If you have a problem, fix it. But train yourself not to worry, worry fixes nothing. - Ernest Hemingway

Wednesday, 3 June 2009

Street cries

Irwin Allan Sealy writes in his novel Red about an imaginary city: ‘Once upon a time the city, any city meant light: now it means noise.’

Having grown up in an overcrowded metropolis called Kolkata, my immediate reaction to this was: how can a city be quiet? Aren’t cities more sound than sight? Isn’t quiet city an oxymoron?

But then I recalled, once, as I walked alone from a Toronto suburb to the nearest train station four miles away, I heard no sound except cars whooshing past; and I didn’t come across a single soul. But such a conurbation is unthinkable in India.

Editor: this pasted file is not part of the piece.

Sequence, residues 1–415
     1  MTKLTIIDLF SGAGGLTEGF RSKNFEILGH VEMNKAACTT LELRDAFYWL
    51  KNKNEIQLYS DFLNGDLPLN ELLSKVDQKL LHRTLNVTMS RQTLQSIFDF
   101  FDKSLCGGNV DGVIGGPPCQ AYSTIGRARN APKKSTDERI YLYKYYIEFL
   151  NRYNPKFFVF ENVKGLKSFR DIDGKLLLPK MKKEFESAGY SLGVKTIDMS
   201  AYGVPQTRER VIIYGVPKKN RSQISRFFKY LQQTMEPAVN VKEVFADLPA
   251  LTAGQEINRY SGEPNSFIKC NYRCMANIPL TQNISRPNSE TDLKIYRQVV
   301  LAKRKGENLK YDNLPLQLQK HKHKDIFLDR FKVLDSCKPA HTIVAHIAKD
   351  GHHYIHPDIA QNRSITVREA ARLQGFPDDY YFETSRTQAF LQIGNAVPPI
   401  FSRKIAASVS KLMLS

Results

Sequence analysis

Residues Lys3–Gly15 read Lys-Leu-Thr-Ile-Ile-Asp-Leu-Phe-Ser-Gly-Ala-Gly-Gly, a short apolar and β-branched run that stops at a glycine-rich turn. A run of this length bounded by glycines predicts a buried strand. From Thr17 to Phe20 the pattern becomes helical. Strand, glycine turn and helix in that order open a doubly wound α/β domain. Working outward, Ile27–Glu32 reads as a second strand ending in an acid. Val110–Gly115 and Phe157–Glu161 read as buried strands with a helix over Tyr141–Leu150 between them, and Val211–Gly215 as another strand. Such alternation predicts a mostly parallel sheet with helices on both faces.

Light and colours are relatively unimportant in our cites. Many of our houses have faded paint; the shanties that dot our cityscape are invariably in varying shades of dull grey. But we are never short of people or sounds.

A deluge of sounds rushes in as I think of my childhood. …

We lived in a main thoroughfare, where the morning was ushered in not by the Sun God, but the clang of the first tram rolling out unfailingly at 4 AM. The sibilant sound of roads being washed by water jets followed soon. At a street corner nearby, vans would unload newspapers.

Relatives from quieter places found it impossible to sleep in our house. Those who slept doggedly and survived the first tram had to wake up soon: the newspaper vendors would fight noisily to get their quota of papers. And crows kept cawing in the background.

The cinema flash opposite our house was a perennially noisy place. During intervals, vendors sold a variety of small eats, yelling the quality and price of their ware. Not a word of what they said could be figured out, but the place came alive thrice a day.